Trio Brasil + Mark Lockheart

Huw Warren at The Red Lion (Photo © John Watson/jazzcamera.co.uk)

Huw Warren at The Red Lion (Photo © John Watson/jazzcamera.co.uk)

The Red Lion, Birmingham UK
16-09-2016
Presented by Birmingham Jazz

Review and Photographs by John Watson

Huw Warren must be one of the most versatile pianists and composers on the planet. I have enjoyed his work in a huge variety of settings, in recent times with the ECM recording group Quercus (featuring veteran folk singer June Tabor), and a couple of years ago as artist in residence at Brecon Jazz, where he presented an astonishing range of work and accompanied players of many styles.

His new venture Trio Brasil, with his son Zoot on drums and Dudley Philips on bass guitar – and with the addition of the excellent saxophonist Mark Lockheart – is yet another milestone in Warren’s career. For the pianist’s concept of samba and bossa nova creates powerfully individual performances, stretching the medium beyond its basic dance beats but keeping faith with the joyful atmosphere of Brazilian music.

This was evident from the beginning of the performance, with Warren opening with an atmospheric piano solo played “out of time”, before kicking into a strong groove in a delightful workout on Hermeto Pascoal’s driving piece Papa Furado, Lockheart slowly emerging as the lead voice in the piece on soprano and building to a marvellous fiery crescendo with the sparks flying in all directions.

A samba by Joyce – Vatupa – had the saxophonist on tenor, with a softer, more breathy edge, but still projecting intense passion.

The highlight, for me, was another Pascoal tune – Briguinha – which Warren told the audience always reminded him of the Faulty Towers theme tune. I could see what he meant: the theme, while no delicate minuet a-la-Towers, is a series of even quaver notes almost without a break, a delicate challenge which Lockheart played faultlessly on soprano. But it was Warren’s own superb solo piano intro to this tune which made the greatest impact, his hands weaving complex complementary lines in rhythmically dynamic style. Far from reminding me of a comedy theme tune, this keyboard workout reminded me of the florid but captivating work of the French pianist Martial Solal.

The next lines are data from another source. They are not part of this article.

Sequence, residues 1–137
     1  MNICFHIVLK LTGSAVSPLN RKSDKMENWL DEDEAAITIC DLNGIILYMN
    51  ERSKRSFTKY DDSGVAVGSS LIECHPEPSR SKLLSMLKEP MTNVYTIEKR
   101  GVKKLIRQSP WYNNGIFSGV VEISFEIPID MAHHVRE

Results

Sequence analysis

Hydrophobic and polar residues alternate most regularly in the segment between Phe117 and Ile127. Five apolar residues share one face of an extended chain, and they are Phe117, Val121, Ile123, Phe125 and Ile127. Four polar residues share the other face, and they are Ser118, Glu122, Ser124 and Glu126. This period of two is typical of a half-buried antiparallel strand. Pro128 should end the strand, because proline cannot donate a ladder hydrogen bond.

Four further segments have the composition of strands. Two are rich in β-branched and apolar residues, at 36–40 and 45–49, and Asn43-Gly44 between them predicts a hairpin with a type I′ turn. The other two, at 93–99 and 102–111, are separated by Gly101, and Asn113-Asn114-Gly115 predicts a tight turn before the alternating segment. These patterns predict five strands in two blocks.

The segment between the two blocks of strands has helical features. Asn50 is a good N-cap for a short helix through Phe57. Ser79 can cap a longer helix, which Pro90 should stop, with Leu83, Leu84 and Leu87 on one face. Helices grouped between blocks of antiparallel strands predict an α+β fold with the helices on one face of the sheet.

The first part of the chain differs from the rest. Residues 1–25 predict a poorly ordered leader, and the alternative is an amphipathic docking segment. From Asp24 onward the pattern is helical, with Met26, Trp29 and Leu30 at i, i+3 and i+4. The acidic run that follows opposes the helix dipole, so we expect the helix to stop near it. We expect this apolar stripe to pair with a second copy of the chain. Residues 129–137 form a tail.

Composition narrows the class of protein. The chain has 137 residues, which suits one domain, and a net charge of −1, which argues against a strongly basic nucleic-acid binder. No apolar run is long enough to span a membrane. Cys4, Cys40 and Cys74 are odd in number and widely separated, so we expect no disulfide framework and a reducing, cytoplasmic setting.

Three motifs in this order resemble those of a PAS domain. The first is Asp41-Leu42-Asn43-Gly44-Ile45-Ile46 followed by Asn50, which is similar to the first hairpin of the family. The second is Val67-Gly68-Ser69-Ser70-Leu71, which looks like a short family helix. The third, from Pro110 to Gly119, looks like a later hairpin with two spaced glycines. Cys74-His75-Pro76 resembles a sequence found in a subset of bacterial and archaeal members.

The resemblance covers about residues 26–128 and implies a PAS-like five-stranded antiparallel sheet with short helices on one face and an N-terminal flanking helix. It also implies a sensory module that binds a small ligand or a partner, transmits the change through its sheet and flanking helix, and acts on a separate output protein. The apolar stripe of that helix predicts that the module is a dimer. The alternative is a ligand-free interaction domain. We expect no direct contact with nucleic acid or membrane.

Was this a perfect gig? Nearly. Bass guitarist Dudley Philips played excellently throughout the ensembles, but his own solo bass feature seemed to lack a sense of direction and evolution. And at the end, piano-and-bass interplay with drummer Zoot (another superb performer in the making) hovered too uneasily between an outright drum solo and decisive exchanges.

These are minor quibbles, though, for it was overall a thoroughly engaging performance by a band I want to hear much more of.

Mark Lockheart at The Red Lion (Photo © John Watson/jazzcamera.co.uk)

Mark Lockheart at The Red Lion (Photo © John Watson/jazzcamera.co.uk)



Categories: Live review

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1 reply

  1. This is clearly another example of “cultural appropriation” along the lines of Lionel Schriver donning a sombrero to deliver a lecture on “community and belonging.” See The Times today, Libby Purves in Comment.
    Where would jazz be without cultural appropriation?

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